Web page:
Harrington and Smith (2016) also found that students were interested in financial topics that had an immediate impact on them. Therefore, a student in an academic advisor’s office experiencing financial concerns is in the perfect position to learn positive financial habits. Harrington and Smith (2016) also found that the time commitment to learning personal finances impacted the student’s interest in learning; students did not want to invest too much of their time in financial education. One could conclude that the brief academic advising meeting could have a strong impact on the student’s financial behaviors. Below are some quick ways the advising meeting can help students in financial distress:

•    Acknowledge that students likely do not know the right questions to ask or where to begin, particularly first-year students or students from low socioeconomic backgrounds. The academic advisor can guide the student through identifying the issue and processing their feelings (Tippetts et al., 2020).
•    Maintain a working knowledge of basic financial aid information like deadlines and Satisfactory Academic Progress (SAP) and be willing to refer students to the financial aid office swiftly (Pellegrin & Zabokrtsky, 2009).
•    Be cognizant that first-year students have the highest levels of financial stress, therefore advisors may wish to incorporate financial education into first-year seminars or ask about the students’ financial stressors during first-year advising meetings with a focus of reducing anxiety around money (Britt et al., 2015).
•    Discuss with students things they can do to feel empowered and in control of personal finances, such as budgeting apps or worksheets (Perry & Morris, 2005).
•    Encourage students to enroll in a personal finance courses or workshops offered on campus.
•    Guide students toward campus and community resources such as the financial aid office, food banks, housing and utility assistance, and ride-share programs.
•    Prepare a cheat sheet of basic student financial information, including resources, that can be quickly and easily accessed (Pellegrin & Zabokrtsky, 2009).


Meeting with students in financial distress, or any unmanaged stress, takes its toll on the advisor. The suggestions above from the literature can be a huge help to advisors and assist with reducing student stress and ultimately compassion fatigue in these situations. Societal issues, such as financial stress, will impact the mental health of students; therefore, if advisors access the resources they already have, they can overcome any worry of not knowing how to answer students’ personal finance questions. The brief academic advising meeting is an incredibly useful moment to incorporate financial management and budgeting tips to encourage positive behaviors and ultimately reduce the stress students experience. Academic advisors can utilize their communication skills and strengths, along with their campus connections, to empower students to make confident and resilient financial decisions to reduce anxiety around money issues and improve academic persistence and success.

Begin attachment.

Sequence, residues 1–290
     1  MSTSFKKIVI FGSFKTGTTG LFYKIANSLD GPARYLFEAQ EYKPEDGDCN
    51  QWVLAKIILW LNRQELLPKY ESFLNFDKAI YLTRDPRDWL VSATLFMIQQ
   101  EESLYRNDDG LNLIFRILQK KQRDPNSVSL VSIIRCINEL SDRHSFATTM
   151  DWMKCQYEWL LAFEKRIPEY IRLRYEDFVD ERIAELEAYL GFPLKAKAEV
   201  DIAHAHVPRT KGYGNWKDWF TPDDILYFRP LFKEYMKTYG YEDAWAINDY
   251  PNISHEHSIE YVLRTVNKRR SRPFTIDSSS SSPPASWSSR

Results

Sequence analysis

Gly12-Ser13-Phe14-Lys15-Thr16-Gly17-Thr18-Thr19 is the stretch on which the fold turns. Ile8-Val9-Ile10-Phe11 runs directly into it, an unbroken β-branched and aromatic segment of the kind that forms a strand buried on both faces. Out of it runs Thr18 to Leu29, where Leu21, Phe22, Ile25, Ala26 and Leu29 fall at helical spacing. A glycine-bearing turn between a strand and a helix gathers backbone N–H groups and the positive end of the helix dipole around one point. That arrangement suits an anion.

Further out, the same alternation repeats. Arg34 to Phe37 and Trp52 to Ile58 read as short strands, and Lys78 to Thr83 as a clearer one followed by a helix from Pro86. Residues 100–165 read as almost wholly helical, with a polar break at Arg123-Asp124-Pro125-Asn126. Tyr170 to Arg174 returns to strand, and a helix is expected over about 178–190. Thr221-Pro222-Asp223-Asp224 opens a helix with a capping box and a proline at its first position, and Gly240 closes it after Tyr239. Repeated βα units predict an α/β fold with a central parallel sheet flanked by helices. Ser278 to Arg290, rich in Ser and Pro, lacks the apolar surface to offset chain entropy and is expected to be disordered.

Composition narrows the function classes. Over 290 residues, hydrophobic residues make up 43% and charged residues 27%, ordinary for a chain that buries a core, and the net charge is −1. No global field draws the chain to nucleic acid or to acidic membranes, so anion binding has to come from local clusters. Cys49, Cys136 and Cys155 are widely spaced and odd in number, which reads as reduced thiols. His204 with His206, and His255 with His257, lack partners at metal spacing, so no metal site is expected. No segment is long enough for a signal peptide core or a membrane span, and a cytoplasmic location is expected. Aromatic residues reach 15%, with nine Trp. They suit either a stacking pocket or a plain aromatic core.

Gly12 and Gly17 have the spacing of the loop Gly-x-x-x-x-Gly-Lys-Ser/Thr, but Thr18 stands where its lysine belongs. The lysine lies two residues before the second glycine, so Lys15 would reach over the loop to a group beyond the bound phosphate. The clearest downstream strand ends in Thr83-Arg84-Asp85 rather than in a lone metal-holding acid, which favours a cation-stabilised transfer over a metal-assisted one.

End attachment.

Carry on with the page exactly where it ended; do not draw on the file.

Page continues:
Arnett, J. (2000). Emerging adulthood: A theory of development from the late teens through the twenties. American Psychologist, 55(5), 469–480. https://doi.org/101037//0003-066X.55.5.469 

Britt, S. L., Canale, A., Fernatt, F., Stutz, K., & Tibbetts, R. (2015). Financial stress and financial counseling: Helping college students. Journal of Financial Counseling and Planning, 26(2), 172–186. https://doi.org/10.1891/1052-3073.26.2.172 

Firestein, C., & Fink, N. (2020, September). Supporting students who struggle with mental wellness. Academic Advising Today, 43(3). https://nacada.ksu.edu/Resources/Academic-Advising-Today/View-Articles/Supporting-Students-Who-Struggle-with-Mental-Wellness.aspx

Harrington, C., & Smith, W. (2016). College student interest in personal finance education. Financial Services Review, 25, 351–372. https://papers.ssrn.com/sol3/papers.cfm?abstract_id=2782788

Kujawa, A., Green, H., Compas, B. E., Dickey, L., & Pegg, S. (2020). Exposure to COVID‐19 pandemic stress: Associations with depression and anxiety in emerging adults in the United States. Depression and anxiety, 37(12), 1280–1288. https://doi.org/10.1002/da.23109 

Liu, C. H., Wong, G. T. F., Hyun, S., & Hahm, C. H. (2022). Concerns about the social climate, finances, and COVID-19 risk on depression and anxiety: An analysis on US young adults across two waves. Journal of Psychiatric Research, 148(April), 286–292. https://doi.org/10.1016/j.jpsychires.2022.01.048  

Pellegrin, J. L., & Zabokrtsky, J. L. (2009). The cash connection: Understanding the role of financial aid in academic advising. NACADA Clearinghouse of Academic Advising Resources. http://www.nacada.ksu.edu/tabid/3318/articleType/ArticleView/articleId/1170/article.aspx 

Perry, V. G., & Morris, M. D. (2005). Who is in control? The role of self-perception, knowledge, and income in explaining consumer financial behavior. Journal of Consumer Affairs, 39(2), 299–313. https://doi.org/10.1111/j.1745-6606.2005.00016.x 

Robb, C. A. (2017). College student financial stress: Are the kids alright? Journal of Family and Economic Issues, 38(4), 514–527. https://doi.org/10.1007/s10834-017-9527-6

Shim, S., Xiao, J., Barber, B., & Lyons, A. (2009). Pathways to life success: A conceptual model of financial well-being for young adults. Journal of Applied Developmental Psychology, 30(6), 708–723. https://doi.org/10.1016/j.appdev.2009.02.003 

Tippetts, M. M., Brandley, A. T., Metro, J., King, M., Ogren, C., & Zick, C. D. (2022). Promoting persistence: The role of academic advisors. Journal of College Student Retention: Research, Theory & Practice, 24(2), 526–547. https://doi.org/10.1177/1521025120924804

The U.S. Financial Literacy and Education Commission. (2015). Opportunities to improve the financial capability and financial well-being of postsecondary students. Department of Treasury. https://home.treasury.gov/system/files/231/Opportunities-to-Improve-the-Financial-Capability-and-Financial-Wellbeing-of-Postsecondary-Students.pdf 

Posted in: 2023 June 46:2